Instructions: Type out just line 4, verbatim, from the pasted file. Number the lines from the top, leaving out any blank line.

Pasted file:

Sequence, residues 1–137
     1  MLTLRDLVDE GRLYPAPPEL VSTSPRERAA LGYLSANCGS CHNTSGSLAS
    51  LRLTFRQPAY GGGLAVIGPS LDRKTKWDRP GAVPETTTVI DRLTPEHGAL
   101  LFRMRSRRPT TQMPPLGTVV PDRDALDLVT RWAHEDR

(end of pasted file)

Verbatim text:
   101  LFRMRSRRPT TQMPPLGTVV PDRDALDLVT RWAHEDR